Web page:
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Drawn-Out Syrian Civil War Spawns A Literal Dark Age

Girls carrying school bags provided by UNICEF walk past destroyed buildings on their way home from school on March 7 in the rebel-held al-Shaar neighborhood of Aleppo, Syria. So many people have fled the city and so much of its infrastructure has been destroyed that nighttime satellite images show 97 percent less light there compared with four years ago.

The conflict in Syria is entering its fifth year, and two new reports suggest it just keeps getting worse for civilians there.

One United Nations agency says life expectancy has plummeted by 20 years in the once-developed nation, while another new study based on nighttime satellite imagery finds that, in the past four years, 83 percent of the country's lights have gone off.

And that's just the average, says Michael Klosson, vice president for policy at aid group Save the Children. In areas like Aleppo, where much of the populace has fled and infrastructure has been pulverized, researchers found that light has been reduced as much as 97 percent.

Klosson says he thinks the satellite images illustrate that the hopes for Syria's children — his aid group's focus — are darkening.

"You've got 5.5 million kids who need humanitarian assistance — that's equivalent to the population of the entire state of Maryland," he says. "That's a lot of kids in need."

Meanwhile the U.N. report says life expectancy has fallen from nearly 76 years to under 56 in Syria, that the nation's education system has collapsed and that the country is descending into poverty.

All that despite a UN Security Council resolution passed last year to open up aid routes. Activists say it's had little impact.

"The U.N. and the world have failed, and things have gotten worse for civilians," says Gawain Kripke, director of policy and research at Oxfam America. "Our ability to provide assistance has been limited, and there are more people in places that are hard to reach now, than there were before the U.N. took action."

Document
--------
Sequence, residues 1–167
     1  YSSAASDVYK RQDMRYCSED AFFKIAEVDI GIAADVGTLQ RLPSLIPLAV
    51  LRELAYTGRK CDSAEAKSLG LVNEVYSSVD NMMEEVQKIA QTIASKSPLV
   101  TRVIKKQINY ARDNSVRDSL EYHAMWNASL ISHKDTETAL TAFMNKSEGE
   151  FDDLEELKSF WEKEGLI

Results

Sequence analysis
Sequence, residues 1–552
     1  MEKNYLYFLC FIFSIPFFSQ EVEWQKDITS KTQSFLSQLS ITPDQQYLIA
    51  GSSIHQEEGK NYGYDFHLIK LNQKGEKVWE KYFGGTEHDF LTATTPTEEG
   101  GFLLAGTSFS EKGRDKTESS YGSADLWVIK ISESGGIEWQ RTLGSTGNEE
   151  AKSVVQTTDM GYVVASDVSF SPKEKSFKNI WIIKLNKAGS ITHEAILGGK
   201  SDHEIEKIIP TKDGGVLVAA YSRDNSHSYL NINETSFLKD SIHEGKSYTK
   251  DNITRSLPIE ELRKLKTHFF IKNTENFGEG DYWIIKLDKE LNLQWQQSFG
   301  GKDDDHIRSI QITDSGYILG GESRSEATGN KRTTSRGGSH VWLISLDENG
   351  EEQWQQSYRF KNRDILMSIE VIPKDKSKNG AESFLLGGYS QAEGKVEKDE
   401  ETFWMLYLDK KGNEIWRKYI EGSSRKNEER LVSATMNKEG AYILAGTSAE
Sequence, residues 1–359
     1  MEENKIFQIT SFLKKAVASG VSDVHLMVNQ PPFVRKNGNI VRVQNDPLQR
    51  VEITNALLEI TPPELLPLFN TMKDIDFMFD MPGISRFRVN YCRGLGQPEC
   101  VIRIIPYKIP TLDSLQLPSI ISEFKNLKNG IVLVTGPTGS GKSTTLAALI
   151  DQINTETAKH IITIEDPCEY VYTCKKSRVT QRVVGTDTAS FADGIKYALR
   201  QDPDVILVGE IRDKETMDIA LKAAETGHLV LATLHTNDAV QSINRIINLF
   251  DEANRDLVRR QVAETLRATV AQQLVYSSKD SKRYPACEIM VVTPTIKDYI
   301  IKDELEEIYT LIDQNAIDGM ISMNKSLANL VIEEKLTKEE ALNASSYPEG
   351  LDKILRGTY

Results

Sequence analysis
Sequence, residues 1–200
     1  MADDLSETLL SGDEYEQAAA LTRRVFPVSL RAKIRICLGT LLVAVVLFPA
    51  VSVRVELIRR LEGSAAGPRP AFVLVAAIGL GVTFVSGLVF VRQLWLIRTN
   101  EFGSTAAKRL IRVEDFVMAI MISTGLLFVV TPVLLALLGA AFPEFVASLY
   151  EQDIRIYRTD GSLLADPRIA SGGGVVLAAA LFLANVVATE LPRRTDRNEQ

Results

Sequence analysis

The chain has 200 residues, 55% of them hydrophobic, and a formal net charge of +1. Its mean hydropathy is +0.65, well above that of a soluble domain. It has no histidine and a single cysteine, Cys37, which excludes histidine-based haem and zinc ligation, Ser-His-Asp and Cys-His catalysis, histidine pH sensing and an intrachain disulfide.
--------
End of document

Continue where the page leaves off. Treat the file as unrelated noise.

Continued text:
Aid groups can't get to about 4.8 million people in Syria, Kripke says, 2.5 percent higher than in 2013. The rise of the self-proclaimed Islamic State certainly plays a role, but Kripke says Washington has been too focused on that.

"We're spending a lot of time, money and resources focusing on parts of the problem — like ISIS — but it's not a comprehensive solution to the conflict," he says. "And it's ignoring the suffering that's going on."

The problem is so enormous — former U.S. Secretary of State Madeleine Albright on Wednesday said, "What is happening on the ground in Syria is a humanitarian and human rights catastrophe of the first order" — that some worry people may decide it's a lost cause.

"It has the danger of people switching off, because it's hard to imagine what can be done," says Nigel Pont, who is stationed in Beirut for Mercy Corps. "While we are not able to put an end to this war, and while we can't alleviate everyone's suffering, we are able to help millions of people a year."

Save the Children's Klosson also worries that the world's attention is shifting away, and is urging the U.S. and other world powers to step up humanitarian assistance and work harder to find a solution the conflict.

"That's how you get the lights back on," he says.

Copyright 2015 NPR. To see more, visit http://www.npr.org/.

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